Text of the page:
While nothing’s fixed until the fat lady sings and a week is a long time in politics, the signals and the signs in the media currently all point to smooth sailing for the 20th Party Congress, which will probably be held in November, and will set the tone of many many things in this country for the next five years and perhaps long beyond. This has been a year of upheaval in so many ways with much uncertainty along the way, but the indicators still point to Mr Xi being confirmed in his position in a modern era unprecedented third term as the top leader. The precise terminology is still open to discussion, although “People’s Leader” seems to be the most likely term. His speeches and pronouncements are dominating the media, and given that the usual approach of the system is to provide the people and the machine with plenty of advanced notice on what is going to happen, that is almost certainly not without significance. The top leadership are heading to the seaside resort of Beidaihe for meetings soon, and to make the final preparations for the big event.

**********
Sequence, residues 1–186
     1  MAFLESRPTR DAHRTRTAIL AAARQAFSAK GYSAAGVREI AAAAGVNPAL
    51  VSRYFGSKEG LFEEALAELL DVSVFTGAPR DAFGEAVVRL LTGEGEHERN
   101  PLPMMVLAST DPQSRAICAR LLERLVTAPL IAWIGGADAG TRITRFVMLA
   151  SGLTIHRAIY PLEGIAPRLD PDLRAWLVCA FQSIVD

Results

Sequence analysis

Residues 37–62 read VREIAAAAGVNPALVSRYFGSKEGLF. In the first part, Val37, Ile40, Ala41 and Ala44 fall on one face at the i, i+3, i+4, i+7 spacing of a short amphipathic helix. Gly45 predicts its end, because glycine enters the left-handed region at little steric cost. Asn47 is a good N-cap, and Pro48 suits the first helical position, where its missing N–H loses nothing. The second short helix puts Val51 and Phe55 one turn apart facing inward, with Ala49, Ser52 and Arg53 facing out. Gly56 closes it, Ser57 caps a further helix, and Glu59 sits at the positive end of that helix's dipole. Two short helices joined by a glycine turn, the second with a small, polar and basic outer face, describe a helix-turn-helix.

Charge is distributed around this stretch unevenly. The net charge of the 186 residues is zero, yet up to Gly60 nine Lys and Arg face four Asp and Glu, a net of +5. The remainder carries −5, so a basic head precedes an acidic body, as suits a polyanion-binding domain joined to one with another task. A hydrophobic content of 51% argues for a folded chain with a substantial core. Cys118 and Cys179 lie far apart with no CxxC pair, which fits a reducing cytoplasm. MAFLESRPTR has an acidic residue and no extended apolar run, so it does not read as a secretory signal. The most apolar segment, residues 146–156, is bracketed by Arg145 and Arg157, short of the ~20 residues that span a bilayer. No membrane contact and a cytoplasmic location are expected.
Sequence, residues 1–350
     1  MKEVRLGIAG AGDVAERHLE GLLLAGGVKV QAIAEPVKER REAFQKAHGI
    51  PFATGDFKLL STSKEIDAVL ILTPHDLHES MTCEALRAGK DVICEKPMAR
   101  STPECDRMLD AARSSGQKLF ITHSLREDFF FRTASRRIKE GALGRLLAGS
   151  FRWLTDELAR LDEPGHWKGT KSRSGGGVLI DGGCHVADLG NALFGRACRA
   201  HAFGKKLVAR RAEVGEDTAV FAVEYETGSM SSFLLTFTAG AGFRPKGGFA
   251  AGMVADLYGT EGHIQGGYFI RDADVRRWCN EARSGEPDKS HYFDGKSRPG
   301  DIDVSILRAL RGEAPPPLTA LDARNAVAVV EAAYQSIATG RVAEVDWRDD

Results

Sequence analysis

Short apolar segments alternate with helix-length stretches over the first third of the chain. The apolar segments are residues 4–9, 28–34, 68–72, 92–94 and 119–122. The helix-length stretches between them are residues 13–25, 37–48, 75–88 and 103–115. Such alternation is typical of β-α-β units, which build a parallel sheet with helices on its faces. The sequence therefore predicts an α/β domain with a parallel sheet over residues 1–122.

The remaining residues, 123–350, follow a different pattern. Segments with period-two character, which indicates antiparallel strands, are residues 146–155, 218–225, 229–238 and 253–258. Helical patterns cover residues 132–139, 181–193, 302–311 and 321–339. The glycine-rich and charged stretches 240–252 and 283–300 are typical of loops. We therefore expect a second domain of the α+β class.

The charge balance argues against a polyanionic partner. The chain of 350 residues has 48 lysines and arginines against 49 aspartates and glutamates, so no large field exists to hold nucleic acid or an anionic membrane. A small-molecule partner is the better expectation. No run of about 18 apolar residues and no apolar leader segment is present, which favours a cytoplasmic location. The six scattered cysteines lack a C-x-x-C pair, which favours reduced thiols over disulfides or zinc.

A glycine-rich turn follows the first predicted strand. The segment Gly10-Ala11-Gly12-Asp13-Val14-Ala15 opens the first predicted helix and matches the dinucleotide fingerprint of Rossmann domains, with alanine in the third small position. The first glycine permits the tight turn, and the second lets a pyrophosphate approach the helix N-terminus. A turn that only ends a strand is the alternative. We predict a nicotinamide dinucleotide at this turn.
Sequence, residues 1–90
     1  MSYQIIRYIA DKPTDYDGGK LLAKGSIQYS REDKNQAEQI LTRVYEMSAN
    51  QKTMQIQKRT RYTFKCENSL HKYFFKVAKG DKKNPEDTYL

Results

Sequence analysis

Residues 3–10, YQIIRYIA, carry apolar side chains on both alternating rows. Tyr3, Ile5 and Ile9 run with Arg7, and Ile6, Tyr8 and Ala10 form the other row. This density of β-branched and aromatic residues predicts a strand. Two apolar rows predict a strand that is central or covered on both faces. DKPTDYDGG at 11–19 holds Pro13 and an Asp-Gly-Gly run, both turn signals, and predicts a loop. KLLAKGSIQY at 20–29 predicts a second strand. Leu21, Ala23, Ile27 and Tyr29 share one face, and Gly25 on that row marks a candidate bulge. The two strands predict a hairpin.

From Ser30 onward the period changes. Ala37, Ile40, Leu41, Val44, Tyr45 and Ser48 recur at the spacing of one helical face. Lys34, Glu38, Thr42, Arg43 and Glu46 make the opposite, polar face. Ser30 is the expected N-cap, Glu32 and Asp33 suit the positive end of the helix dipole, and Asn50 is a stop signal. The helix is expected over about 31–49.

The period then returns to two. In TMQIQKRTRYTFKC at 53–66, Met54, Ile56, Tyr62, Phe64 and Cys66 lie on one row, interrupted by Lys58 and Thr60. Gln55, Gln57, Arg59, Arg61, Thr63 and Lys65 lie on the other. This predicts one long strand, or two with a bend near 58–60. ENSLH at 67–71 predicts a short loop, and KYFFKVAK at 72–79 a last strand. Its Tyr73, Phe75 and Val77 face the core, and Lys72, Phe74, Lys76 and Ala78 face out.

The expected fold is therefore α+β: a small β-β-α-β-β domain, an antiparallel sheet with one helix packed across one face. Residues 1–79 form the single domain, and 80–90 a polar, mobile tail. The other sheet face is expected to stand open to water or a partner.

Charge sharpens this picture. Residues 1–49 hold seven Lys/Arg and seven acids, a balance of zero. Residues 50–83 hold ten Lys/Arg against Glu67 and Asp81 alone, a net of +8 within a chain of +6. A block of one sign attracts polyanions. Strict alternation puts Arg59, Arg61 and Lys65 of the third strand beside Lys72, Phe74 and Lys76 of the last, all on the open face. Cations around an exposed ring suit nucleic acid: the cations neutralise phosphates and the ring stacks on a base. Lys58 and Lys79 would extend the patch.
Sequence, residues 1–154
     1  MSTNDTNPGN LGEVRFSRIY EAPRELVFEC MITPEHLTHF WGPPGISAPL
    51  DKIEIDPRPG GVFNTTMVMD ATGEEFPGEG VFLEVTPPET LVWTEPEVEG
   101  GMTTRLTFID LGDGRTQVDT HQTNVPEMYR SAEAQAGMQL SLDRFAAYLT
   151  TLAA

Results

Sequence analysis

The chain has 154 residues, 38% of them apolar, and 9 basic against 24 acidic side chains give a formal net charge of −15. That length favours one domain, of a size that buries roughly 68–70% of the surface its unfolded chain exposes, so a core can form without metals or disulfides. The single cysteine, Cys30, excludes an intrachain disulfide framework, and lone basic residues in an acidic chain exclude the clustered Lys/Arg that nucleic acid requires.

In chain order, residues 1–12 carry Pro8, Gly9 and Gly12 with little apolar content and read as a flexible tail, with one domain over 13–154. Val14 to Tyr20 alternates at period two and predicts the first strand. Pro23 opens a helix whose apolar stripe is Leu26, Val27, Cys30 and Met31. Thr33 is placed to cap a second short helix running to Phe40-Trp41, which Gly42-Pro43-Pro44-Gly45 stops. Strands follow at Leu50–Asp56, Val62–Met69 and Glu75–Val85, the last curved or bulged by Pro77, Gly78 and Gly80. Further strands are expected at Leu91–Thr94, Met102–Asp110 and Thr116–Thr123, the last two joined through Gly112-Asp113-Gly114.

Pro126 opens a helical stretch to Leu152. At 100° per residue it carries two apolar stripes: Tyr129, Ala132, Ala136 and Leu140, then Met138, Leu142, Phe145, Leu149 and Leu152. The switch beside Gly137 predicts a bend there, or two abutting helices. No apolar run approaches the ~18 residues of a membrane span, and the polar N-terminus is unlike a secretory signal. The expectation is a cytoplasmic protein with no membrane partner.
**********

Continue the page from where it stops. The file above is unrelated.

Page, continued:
Now, there is discussion in some quarters as to whether or not this is the wisest course. The two terms limit was set by the late leader Deng Xiaoping. The explanation may well be that extraordinary times require extraordinary measures, and times sure are extraordinary. It appears there could well be a consequence to such a development in terms of investment, and talent flow and much else besides. Economic pragmatism was one of the key principles of the Dengist era, and it created a sense of confidence and of stability that had a remarkable impact on large swathes of Chinese society. People went for it, strove to improve their lot in life and the prospects of their children. It was the key factor leading to the economic upsurge and the rise in prosperity in the past three or four decades. Stressing the ideological over the pragmatic, on the other hand, is not necessarily a popular approach. But that’s the way it is looking at the end of July.
Have a great weekend.